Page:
Design Standards Committee

By Kelly Driscoll

Over the last year, several Lakeport design standards have been updated. Each of these started with a request to the Board and Design Standards Committee to allow something that was previously prohibited by the standards. For each significant change we’ve conducted online surveys to measure support for the proposed changes, and in general the results have shown that our neighborhood is usually open to making changes if they provide homeowners with more flexibility in their home improvement and maintenance projects.

Changes made this year include the following:

  • Front Doors – The new standard provides a variety of options instead of requiring that owners replace doors with the original design (which often requires a custom door).
  • Storm Doors – The old standard was abandoned to allow homeowners to install two-section self-storing storm doors at the front door, instead of just at a back door.
  • Roof/Shingles – The new standard specifies a higher quality architectural shingle (also referred to as dimensional shingles) in a single color for the whole neighborhood.

The most significant standard change was approved last year to allow HardiePlank to be installed on individual homes. Since then, we’ve learned that big changes like this will benefit from small, iterative improvements. As homeowners have begun projects to install HardiePlank on their homes, we’ve received feedback from those who are replacing their siding, from their adjacent neighbors, and from the Reston Design Review Board (DRB). With that in mind, the Board sent another survey to get feedback on some specific requirements related to HardiePlank installations. The goals of these changes are to provide flexibility, to reduce potential conflict related to party walls, and to establish clear guidance on HardiePlank colors so that standard colors can be used without incurring the additional cost of painting the HardiePlank, which also defeats one of its major advantages, namely, not having to be painted. 

1. Remove the requirement that the interior of party walls be included in a HardiePlank project. Instead the new language would leave it up to the two owners to work out if/when party walls would have HardiePlank installed, with the further stipulation that if two adjacent homes are sided with HardiePlank, the party wall between them must not be left as cedar. This should help minimize the impact to neighbors when homeowners install HardiePlank.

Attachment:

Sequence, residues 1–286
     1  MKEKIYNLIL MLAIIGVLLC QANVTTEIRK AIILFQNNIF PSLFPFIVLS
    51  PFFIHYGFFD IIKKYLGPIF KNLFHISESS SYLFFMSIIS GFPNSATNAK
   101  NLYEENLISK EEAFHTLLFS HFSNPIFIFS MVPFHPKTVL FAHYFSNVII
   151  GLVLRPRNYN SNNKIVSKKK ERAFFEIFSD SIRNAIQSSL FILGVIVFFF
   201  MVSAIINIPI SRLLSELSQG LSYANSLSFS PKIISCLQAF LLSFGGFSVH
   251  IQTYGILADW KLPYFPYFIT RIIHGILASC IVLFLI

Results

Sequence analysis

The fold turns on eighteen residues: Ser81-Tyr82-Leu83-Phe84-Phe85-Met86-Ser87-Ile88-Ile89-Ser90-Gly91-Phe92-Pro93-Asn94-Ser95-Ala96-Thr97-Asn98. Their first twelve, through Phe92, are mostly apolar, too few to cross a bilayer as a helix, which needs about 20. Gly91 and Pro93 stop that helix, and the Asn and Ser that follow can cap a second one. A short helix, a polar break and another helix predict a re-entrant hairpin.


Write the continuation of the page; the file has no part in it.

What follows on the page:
In the picture to the right, the highlighted wall is a party wall. Although most agree that the wall is most accurately viewed as the exterior wall of the house on the right, Reston considers it a shared responsibility of both neighbors. Our current standard actually classifies it as an interior party wall for the house on the LEFT and requires that if the homeowner on the left installs HardiePlank, that wall must be included in the project.

The stipulation has caused conflict between some neighbors considering HardiePlank installations and dissuaded others from undertaking their own projects, so we’re proposing to remove that requirement and allow the homeowners to determine whether to include the shared party wall in a project. 

2. Remove the current “on all elevations” language. A current stipulation states “that units replace the siding on all elevations … at the same time with the same material.” The reason for this proposed change is that the high cost of HardiePlank is a deterrent for owners who want to use HardiePlank but don’t want to spend the money to install it on their entire house when only one side needs to be replaced (the typical situation for our homes, which have one side facing the lake or the woods). 

3. Specify HardiePlank colors that can be used. Projects to install HardiePlank siding in Monterey Taupe and HardieTrim in Sailcloth have been approved by the DRB for two Lakeport homes assigned to color palette 1 and for two homes assigned to color palette 2. Three other applications have been submitted but not yet approved, and all plan to use these colors.

In order to be consistent with these DRB approvals, the board is proposing that all HardiePlank installations, regardless of color palette, use the same Monterey Taupe siding and Sailcloth trim. Although using the same Hardie siding and trim colors for both palettes is a departure from the existing color scheme, the Board believes this is the best choice to minimize the color differences between homes with existing cedar and new HardiePlank siding. Because projects have already been approved, the Board determined that though this may not be the ideal solution, all alternatives have more significant disadvantages.

For the sake of comparison, you can see homes with the Monterey Taupe siding and Sailcloth trim compared to both color palettes at these locations:

  • Palette 1 (Monterey Gray, Amber White): 1919 and 1923 Lakeport 
  • Palette 2 (Beachwood, Wheat): 1964 and 1971 Lakeport

A survey was sent to Lakeport owners on October 23 (with follow-ups on November 4 and 10), and results will be shared soon. The Board’s consensus is that these changes will be improvements for homeowners who are replacing their siding with HardiePlank and for their adjacent neighbors. 

If you have any questions about design standards, please email Kelly Driscoll (11100 Lakespray) at We are always open to recommendations on how the design standards can be improved. In addition, please be sure to consult Lakeport standards at and ards.html before doing any replacements or major repairs on your home—some require DRB approval.

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